Prime Minister Tony Blair announces when he will step down on Thursday, 10 years after winning power in what was hailed as a new dawn for Britain that has since been darkened by the Iraq war.
Blair, U.S. President George W. Bush's closest ally over Iraq, leaves office out of favor among voters for sending British forces to join the 2003 U.S.-led invasion.
A ruling Labour Party rebellion in September forced him to say he would quit within a year to allow his long-time heir apparent, finance minister Gordon Brown, to take over.
But Blair will be remembered for helping bring peace to Northern Ireland after decades of violence, winning three straight elections for Labour for the first time and dragging it from its left-wing roots to the center of British politics.
An opinion poll published by the Guardian newspaper on Thursday showed 60% of voters believed Blair would be remembered as a force for change, though not always good. The ICBM poll said 44% believed he had been good for Britain.
Blair had long been expected to hand over power before the end of his third term to let another Labour leader guide the party into the next national elections, expected in 2009.
Brown, whose official residence is next door to Blair's in London's Downing Street, has waited with increasing impatience for the departure of his neighbor. Critics say their rivalry, often bitter, has diluted the government's effectiveness.
Blair quits as only the second prime minister in a century to have served 10 years, tainted by a corruption scandal in which he became the first serving prime minister to be quizzed by police in a criminal probe.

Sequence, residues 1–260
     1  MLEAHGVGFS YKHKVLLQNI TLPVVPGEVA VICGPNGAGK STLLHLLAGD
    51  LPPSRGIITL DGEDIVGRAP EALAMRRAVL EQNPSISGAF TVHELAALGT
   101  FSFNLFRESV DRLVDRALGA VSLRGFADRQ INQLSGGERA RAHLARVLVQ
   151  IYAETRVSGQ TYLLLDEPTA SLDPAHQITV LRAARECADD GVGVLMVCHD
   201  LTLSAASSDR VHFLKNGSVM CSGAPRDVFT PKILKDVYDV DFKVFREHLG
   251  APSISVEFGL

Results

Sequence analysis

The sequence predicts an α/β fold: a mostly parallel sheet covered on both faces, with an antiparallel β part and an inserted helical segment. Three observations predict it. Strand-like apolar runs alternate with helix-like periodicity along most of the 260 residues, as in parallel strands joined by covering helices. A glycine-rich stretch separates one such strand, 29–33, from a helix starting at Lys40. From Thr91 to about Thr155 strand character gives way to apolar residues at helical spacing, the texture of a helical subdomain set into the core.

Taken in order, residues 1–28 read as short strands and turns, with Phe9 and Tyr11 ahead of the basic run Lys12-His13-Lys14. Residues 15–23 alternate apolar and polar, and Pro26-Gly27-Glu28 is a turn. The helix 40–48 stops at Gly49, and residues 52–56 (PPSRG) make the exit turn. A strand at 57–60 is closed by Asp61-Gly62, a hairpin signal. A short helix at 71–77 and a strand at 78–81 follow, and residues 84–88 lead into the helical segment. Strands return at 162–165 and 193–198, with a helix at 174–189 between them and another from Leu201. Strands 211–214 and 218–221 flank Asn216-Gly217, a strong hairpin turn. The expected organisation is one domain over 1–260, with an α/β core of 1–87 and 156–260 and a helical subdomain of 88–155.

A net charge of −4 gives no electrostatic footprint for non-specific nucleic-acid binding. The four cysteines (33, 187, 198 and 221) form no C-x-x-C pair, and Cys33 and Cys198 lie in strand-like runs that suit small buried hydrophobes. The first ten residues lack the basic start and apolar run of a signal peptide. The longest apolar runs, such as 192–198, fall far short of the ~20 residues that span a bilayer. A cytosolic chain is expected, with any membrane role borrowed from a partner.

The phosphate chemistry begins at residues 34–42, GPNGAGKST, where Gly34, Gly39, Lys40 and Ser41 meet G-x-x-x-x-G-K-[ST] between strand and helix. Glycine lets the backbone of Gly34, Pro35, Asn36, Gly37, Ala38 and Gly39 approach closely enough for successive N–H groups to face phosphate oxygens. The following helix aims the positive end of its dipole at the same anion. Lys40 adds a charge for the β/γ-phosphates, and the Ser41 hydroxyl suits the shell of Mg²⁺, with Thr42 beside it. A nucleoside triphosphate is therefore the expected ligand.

His spokesman said Blair would make a statement about his future on Thursday. The prime minister will attend a cabinet meeting in London and then fly to his constituency in northern England to speak to local supporters.
Blair is expected to announce he will quit as Labor leader towards the end of June, triggering a leadership contest in which Brown is the only serious contender.
Under Britain's political set-up, as Labour leader Brown would also become prime minister and would not have to fight national elections until May 2010 at the latest.
Blair and Brown were the twin architects of Labour's rise to power in 1997 after 18 years in the political wilderness and Britain's long-serving finance minister is now certain to finally get the job he has coveted for so long.
His chief challenge will be to revive support for Labour and overhaul the main opposition Conservatives in the opinion polls before the next elections.
Conservative leader David Cameron, 40, has revitalized the party of Margaret Thatcher -- the only prime minister to hold power longer than Blair in the past century -- and Winston Churchill since he became leader in 2005, and polls suggest he could win a slim majority in parliament in national elections.
Brown is widely respected for presiding over a decade of strong economic growth and for granting independence to Britain's central bank to set interest rates.
He has also overseen huge increases in spending on education and health but Labour has not been rewarded by the electorate for this.
British newspapers have questioned whether Brown can match Blair in the charm stakes, often portraying him as dour.